Community Projects Awarded Funding to Build a More Inclusive UBC

18 student, faculty and staff projects are awarded funding from the UBC Equity Enhancement Fund. Projects will engage the campus community in building a more welcoming and inclusive UBC.

As part of the annual Equity Enhancement Fund call for applications, the Equity & Inclusion Office received 37 submissions for a total of $406,000 in requested funding. With $90,000 in the Equity Enhancement Fund available for disbursement, an internal adjudication panel evaluated applications and selected 14 projects at UBC Vancouver and four at UBC Okanagan to receive funding.

This year’s projects focus on diverse areas of equity and inclusion work, including race and culture, sexual orientation and gender identity, gender equity, and indigeneity. A number of projects also seek to inform broader campus experiences across teaching, learning and research, and community engagement.

Associate Vice-President Sara-Jane Finlay praised the quality and variety of this year’s projects.

“It was wonderful to see all the creative ideas in the applications received – however, that also made it more difficult to make the final selection. The selected projects focus on bringing benefits to the representation or experiences of those people who have been historically marginalized, and seek to build the competencies of our students, staff and faculty to engage with diversity.”

The Equity Enhancement Fund is open to students, staff and faculty as a way to support collaborative community-led initiatives that engage the community and help advance equity and inclusion at UBC.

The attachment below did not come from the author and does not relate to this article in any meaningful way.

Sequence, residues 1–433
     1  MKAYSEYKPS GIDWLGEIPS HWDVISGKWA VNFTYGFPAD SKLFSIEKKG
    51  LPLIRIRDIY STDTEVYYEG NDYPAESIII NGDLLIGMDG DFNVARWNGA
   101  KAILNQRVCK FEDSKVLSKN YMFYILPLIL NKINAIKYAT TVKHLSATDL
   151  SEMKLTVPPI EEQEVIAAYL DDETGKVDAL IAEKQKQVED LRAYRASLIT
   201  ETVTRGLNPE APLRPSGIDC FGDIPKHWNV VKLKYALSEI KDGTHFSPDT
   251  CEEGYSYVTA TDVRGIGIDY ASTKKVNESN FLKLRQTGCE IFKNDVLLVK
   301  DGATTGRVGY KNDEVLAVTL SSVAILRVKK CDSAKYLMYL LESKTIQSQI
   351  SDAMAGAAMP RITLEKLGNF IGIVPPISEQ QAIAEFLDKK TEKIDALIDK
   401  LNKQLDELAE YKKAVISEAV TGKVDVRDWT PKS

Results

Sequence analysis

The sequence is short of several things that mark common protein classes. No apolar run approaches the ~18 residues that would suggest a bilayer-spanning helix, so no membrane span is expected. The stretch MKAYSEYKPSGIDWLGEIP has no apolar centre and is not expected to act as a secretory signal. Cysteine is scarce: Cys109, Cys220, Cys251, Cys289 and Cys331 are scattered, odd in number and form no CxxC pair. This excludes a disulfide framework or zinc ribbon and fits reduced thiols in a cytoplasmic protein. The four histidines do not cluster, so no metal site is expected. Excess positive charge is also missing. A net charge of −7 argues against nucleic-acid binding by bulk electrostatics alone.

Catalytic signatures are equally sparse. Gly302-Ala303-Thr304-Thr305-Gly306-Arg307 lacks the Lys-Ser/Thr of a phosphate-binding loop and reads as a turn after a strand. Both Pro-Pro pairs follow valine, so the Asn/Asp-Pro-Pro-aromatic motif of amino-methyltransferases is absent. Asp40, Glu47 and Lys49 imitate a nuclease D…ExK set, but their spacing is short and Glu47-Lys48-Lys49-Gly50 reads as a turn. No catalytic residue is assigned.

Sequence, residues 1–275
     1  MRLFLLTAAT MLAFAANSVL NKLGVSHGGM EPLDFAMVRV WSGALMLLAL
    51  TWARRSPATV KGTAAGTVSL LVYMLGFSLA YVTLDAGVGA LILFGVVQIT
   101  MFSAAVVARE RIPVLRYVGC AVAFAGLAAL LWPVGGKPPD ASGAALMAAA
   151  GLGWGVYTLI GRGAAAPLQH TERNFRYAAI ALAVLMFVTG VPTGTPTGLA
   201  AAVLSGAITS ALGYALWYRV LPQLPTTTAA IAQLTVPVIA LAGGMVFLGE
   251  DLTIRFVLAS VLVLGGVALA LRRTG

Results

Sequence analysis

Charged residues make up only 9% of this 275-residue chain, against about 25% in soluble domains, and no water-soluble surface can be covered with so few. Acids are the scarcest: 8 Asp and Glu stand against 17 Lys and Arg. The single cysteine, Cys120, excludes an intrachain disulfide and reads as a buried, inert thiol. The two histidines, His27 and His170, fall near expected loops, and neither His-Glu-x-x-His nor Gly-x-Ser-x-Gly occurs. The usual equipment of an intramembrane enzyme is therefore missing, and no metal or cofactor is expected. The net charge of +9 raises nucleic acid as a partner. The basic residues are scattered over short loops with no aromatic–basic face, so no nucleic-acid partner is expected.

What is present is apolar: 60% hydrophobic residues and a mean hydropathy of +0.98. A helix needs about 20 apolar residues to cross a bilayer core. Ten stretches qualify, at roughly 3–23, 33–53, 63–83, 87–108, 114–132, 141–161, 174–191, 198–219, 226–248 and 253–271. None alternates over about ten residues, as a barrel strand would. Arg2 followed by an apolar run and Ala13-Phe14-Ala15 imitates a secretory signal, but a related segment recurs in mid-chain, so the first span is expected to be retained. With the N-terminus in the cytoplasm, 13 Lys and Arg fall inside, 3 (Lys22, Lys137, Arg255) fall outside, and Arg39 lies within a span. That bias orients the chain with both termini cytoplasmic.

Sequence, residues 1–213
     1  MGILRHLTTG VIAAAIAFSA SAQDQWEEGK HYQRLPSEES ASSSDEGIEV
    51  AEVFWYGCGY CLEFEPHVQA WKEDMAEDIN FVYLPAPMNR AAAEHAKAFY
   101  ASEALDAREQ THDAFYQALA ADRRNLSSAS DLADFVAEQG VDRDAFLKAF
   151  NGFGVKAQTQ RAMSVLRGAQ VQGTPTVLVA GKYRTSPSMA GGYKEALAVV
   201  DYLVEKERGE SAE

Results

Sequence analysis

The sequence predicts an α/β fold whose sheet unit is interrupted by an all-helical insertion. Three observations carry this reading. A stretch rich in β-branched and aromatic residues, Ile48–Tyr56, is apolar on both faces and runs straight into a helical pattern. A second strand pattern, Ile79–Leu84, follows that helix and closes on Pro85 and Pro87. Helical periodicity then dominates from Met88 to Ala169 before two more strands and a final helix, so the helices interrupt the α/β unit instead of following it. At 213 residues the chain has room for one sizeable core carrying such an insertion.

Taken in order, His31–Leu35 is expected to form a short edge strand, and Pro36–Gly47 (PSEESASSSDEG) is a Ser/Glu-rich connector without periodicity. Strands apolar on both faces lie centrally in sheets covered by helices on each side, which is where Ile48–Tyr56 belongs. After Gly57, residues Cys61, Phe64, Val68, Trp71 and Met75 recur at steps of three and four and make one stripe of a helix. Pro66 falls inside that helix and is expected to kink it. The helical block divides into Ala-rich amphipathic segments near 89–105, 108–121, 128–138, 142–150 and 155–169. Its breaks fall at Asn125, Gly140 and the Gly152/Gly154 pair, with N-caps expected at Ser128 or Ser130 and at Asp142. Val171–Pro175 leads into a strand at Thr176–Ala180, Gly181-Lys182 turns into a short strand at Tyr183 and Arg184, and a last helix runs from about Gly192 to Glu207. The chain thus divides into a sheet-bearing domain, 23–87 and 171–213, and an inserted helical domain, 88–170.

Each year, a total of $90,000 is available for disbursement across UBC Vancouver ($75,000) and UBC Okanagan ($15,000) campuses. Individual projects can receive up to $25,000 at UBC Vancouver, and up to $10,000 at UBC Okanagan.

Call for applications opens in January each year and is widely broadcast across the university. The Equity & Inclusion Office hosts workshops and events to showcase past projects and support those interested in applying.

Inclusion is one of the key priority areas in UBC’s new strategic plan, Inspire, and these projects will now play an important role in helping to build a more inclusive UBC.

Reflections from Past Participants

“The Equity Enhancement Fund we secured two years ago catalyzed an extremely effective project, Teacher Education For All. It has grown into a Faculty-wide initiative highlighting SOGI-inclusive culture and practices.”

  • Wendy Carr, Associate Dean, Teacher Education Faculty of Education